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American Family Mutual Insurance Co. v. Donaldson

United States District Court, Eighth Circuit

December 27, 2013

American Family Mutual Insurance Company, Plaintiff,
v.
John Martin Donaldson, Todd Richard Patton, and Jacob Todd Patton, Defendants.

MEMORANDUM AND ORDER

PAUL A. MAGNUSON, District Judge.

This matter is before the Court on the parties' cross-Motions for Summary Judgment. For the reasons that follow, Plaintiff's Motion is granted and Defendants' Motion is denied.

BACKGROUND

This case arises out of a single-car accident, the relevant facts of which are undisputed. On April 10, 2011, Defendant Jacob Patton was driving his father's vehicle with Defendant John Donaldson in the passenger seat. Patton and Donaldson were 18 years old at the time, and both had been drinking heavily. Patton was speeding through his residential neighborhood in Lakeville and a neighbor, fearing for his safety, called 9-1-1 to report Patton's reckless driving. When police tried to pull him over, Patton led them on a high-speed chase for 80 seconds, at one point reaching 96 miles per hour. (Young Aff. Ex. B (Docket No. 72-2).) Patton ultimately crashed the car into a tree and Donaldson was severely injured. At the time of the accident, Patton had both an auto insurance policy and an umbrella policy with Plaintiff American Family Mutual Insurance Company through his father, Defendant Todd Richard Patton. Patton was ultimately charged with two counts of criminal vehicular operation. He has pled not guilty and is awaiting trial.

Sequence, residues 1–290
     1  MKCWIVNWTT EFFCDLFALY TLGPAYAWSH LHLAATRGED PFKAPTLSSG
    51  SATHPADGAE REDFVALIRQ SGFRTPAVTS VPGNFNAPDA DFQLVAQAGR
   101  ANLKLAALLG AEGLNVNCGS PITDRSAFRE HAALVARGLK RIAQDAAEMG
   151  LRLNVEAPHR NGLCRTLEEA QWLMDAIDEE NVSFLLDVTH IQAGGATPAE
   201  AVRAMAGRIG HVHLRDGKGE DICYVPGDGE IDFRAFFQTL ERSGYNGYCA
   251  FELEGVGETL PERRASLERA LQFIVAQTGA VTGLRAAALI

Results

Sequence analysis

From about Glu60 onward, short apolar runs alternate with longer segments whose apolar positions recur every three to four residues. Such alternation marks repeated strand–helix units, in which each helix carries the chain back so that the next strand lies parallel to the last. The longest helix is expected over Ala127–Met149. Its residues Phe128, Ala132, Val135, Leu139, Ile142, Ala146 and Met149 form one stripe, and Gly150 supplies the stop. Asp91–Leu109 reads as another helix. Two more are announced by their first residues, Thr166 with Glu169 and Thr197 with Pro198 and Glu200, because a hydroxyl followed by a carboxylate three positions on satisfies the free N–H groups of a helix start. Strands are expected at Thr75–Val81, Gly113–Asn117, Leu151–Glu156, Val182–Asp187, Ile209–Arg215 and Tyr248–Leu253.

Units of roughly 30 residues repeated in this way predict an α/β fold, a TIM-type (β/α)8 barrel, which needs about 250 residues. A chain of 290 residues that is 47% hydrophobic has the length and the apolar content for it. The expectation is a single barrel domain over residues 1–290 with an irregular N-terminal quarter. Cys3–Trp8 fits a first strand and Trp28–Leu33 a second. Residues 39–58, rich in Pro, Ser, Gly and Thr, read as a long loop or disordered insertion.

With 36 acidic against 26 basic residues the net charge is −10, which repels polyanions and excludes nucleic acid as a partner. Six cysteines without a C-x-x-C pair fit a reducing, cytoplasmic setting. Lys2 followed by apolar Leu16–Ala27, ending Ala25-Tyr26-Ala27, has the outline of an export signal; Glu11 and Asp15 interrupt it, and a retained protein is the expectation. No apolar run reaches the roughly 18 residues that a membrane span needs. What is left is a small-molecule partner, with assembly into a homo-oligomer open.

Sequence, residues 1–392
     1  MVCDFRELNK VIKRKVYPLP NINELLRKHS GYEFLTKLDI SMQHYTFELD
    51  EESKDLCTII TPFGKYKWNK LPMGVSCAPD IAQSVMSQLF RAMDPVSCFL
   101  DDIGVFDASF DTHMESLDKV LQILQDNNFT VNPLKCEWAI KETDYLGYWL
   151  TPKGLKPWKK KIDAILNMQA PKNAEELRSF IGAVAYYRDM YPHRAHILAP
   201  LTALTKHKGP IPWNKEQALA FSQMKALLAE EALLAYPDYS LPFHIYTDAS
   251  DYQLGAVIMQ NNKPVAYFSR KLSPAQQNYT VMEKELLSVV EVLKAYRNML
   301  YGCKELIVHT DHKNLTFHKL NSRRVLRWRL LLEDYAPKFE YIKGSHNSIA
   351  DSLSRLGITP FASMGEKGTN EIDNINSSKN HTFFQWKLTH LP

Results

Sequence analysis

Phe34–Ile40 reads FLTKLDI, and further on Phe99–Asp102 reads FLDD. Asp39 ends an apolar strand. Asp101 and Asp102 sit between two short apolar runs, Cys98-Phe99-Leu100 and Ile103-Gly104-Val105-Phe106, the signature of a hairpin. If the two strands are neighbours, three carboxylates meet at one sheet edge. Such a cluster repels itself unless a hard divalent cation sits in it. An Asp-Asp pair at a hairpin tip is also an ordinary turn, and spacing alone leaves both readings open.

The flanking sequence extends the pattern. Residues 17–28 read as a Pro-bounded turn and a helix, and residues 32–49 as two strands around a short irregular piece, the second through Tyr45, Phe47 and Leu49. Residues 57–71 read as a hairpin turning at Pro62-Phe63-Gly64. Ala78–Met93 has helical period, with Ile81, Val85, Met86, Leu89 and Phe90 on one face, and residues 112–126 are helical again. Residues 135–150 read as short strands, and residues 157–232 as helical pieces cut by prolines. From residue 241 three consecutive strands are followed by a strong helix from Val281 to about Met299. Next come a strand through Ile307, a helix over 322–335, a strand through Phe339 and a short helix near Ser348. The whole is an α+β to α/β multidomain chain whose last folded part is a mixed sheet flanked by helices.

On March 8, 2012, Donaldson sued the Pattons in Dakota County District Court alleging negligence. American Family hired counsel to defend the case. American Family also notified the Pattons on November 11, 2011, and July 27, 2012, that it reserved all rights to contest coverage. (Duggan Vraa Aff. Ex. 12 (Docket No. 65-2).) On November 1, 2012, the eve of trial, American Family requested a continuance on the grounds that a trial would be unnecessary because Patton was planning to plead guilty and because American Family was poised to file a declaratory judgment action that would resolve the dispute. On November 14, 2012, American Family filed the instant action, seeking a declaration that there is no coverage under the umbrella policy.

American Family subsequently entered into a Drake-Ryan release with Donaldson in exchange for the auto policy limit of $100, 000. Under the agreement, the Pattons were released from all personal liability and the parties agreed that any judgment would only be collectible under the Patton's umbrella policy. Donaldson and the Pattons later executed a Miller-Shugart agreement under which Donaldson agreed to refrain from collecting any judgment from the Pattons. (Duggan Vraa Aff. Ex. 17 (Docket No. 65-2) at 6, ¶ 12.) The agreement further provides that Donaldson "will only seek to satisfy this judgment from American Family as provided under the personal liability umbrella policy[.]" ( Id. at 6, ¶ 11.)